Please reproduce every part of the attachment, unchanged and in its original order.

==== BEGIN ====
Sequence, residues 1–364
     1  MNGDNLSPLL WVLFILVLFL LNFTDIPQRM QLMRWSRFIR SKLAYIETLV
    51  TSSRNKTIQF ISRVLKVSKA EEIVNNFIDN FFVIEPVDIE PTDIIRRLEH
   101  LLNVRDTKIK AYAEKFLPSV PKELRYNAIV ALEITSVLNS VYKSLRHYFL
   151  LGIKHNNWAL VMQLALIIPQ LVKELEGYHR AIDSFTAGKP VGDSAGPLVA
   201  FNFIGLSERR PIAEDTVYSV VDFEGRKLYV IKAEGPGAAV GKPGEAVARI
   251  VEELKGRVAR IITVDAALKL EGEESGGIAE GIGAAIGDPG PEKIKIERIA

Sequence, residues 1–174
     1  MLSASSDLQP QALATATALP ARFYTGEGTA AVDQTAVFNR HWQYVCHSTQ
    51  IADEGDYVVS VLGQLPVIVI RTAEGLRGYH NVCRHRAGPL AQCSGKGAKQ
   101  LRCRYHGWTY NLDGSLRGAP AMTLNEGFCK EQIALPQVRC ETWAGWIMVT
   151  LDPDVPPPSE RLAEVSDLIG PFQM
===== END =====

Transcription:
Sequence, residues 1–364
     1  MNGDNLSPLL WVLFILVLFL LNFTDIPQRM QLMRWSRFIR SKLAYIETLV
    51  TSSRNKTIQF ISRVLKVSKA EEIVNNFIDN FFVIEPVDIE PTDIIRRLEH
   101  LLNVRDTKIK AYAEKFLPSV PKELRYNAIV ALEITSVLNS VYKSLRHYFL
   151  LGIKHNNWAL VMQLALIIPQ LVKELEGYHR AIDSFTAGKP VGDSAGPLVA
   201  FNFIGLSERR PIAEDTVYSV VDFEGRKLYV IKAEGPGAAV GKPGEAVARI
   251  VEELKGRVAR IITVDAALKL EGEESGGIAE GIGAAIGDPG PEKIKIERIA

Sequence, residues 1–174
     1  MLSASSDLQP QALATATALP ARFYTGEGTA AVDQTAVFNR HWQYVCHSTQ
    51  IADEGDYVVS VLGQLPVIVI RTAEGLRGYH NVCRHRAGPL AQCSGKGAKQ
   101  LRCRYHGWTY NLDGSLRGAP AMTLNEGFCK EQIALPQVRC ETWAGWIMVT
   151  LDPDVPPPSE RLAEVSDLIG PFQM